Jody Hedlund said...

That's a great plan! Often when I read I get really motivated to write something as good or better than what I'm reading! Not sure if that actually happens, but at least it spurs me on!

Jennifer Major said...

I try to read similar types of books. For instance, I've been enjoying The Gossip Girl books. Lame? Yes it is. But it is helping me create my rich girl character! Sometimes, I need a lot of help :)

Kelly H-Y said...

That is such a great point ... and, I think it has to be book reading, not just magazines, etc., that inspire me the most!

Tabitha Bird said...

Very true. When I am reading I am often inspired to go write. Reading is really a must for writers. I think it was Stephen King who said, "If you don't have time to read, then you really don't have time to write." Something like that anyway.

storyqueen said...

I try not to read anything close to what I am working on when I have a project at hand. (Makes me feel like a lame-o writer.)

Lately, I have been focusing on style rather than storyline in the books I've read.

Extremely fascinating.

Shelley

Weronika Janczuk said...

I picked up Jennifer Weiner's GOOD IN BED from the library yesterday (after Sara had sent me a link to her website--it has some good writing-related info), and it's inspired me to write. S

o, yeah, I guess it happens (inspiration from reading), but what I usually need is a concrete way to approach a piece of writing (i.e., an outline).

Another ggggreat post. Thanks, Susan!

Lily said...

It's funny, but I write nothing like my author heroes. Does this mean my style won't sell? Hmm... LOL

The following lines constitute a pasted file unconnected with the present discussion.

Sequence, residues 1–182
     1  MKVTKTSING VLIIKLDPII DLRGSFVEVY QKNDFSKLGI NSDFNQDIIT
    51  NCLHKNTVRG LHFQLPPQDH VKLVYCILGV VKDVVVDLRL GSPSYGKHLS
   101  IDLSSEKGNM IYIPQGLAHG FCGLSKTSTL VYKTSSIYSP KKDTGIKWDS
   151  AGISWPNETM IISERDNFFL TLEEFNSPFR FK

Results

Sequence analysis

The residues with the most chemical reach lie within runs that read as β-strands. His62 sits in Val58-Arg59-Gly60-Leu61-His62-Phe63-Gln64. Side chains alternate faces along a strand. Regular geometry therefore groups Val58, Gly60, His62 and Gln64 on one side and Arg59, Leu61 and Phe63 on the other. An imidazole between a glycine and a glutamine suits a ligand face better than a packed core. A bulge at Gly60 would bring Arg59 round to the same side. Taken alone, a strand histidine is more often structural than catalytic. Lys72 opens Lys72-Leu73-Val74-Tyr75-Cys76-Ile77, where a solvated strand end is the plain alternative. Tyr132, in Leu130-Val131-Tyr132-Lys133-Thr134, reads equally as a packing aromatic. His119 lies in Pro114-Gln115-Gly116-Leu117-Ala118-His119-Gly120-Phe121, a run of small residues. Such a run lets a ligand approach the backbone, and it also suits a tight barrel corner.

Girl in My Own World said...

I totally agree with this! Totally! I also feel the same way about movies too! Anyhow, reading the works of other can enrich your writing so much and it does show you what works and what does not. Some of my favorites include: Sophie Kinsella, Wally Lamb, Mary Higgins Clark, Walter Mosley, Mary Monroe, Norma Jarrett...etc. I am a bit of a book nerd. :o)

I too, just picked up a copy of Jennifer Weiner's Good In Bed - how funny is that! I saww it Target and read the summary and went straight to the library today. I hope that you enjoy it Weronika! :o)

Shelli said...

oh gosh - me too! i need to read but i want to write if i get that time.

Janna Qualman said...

Just exactly how you said: it shows me what works and what doesn't - and maybe more importantly, how that applies to my particular voice.

Off to read! :)

Jenn Johansson said...

Reading is so, so, so important. One of the authors that has helped me the most is Dan Wells and his "I am not a serial killer" YA series. It is awesomely strange and it makes me look at light and darkness in an entirely new way. It's been amazing for my writing. :)

Girl Meets Gun said...

This is a good one...because seriously, how many people get in a writing rut, but then as soon as they pick up a book and start reading, they have ten million ideas in their heads? It's a great feeling! You almost can't get every idea out fast enough!

I try to read a little bit of everything. I've been stuck on the same novel for a couple weeks because I haven't felt up to reading or writing, but usually I can finish three or four novels in a week. It always gets me going on my writing.

I'm writing two separate novels write now- fiction literature, and YA- so it's a toss up. But I'm reading Lock and Key by Sarah Dessen, and I'm looking into finding another book in lit to read...I got into Nicholas Sparks about a month ago, and I love Jane Green...so we'll see who wins my attention next. Good advice!

And thanks for the wishes...I'm hoping for a great blog idea tomorrow. :)

Leah Rubin said...

Yep, reading is what it's all about. Except for relationships and community and all that other wonderful stuff in life. But reading's waaaaaay ahead of almost everything else.

Read "The Help" by Kathryn Stockett-- it's her first novel, and it was SO compelling!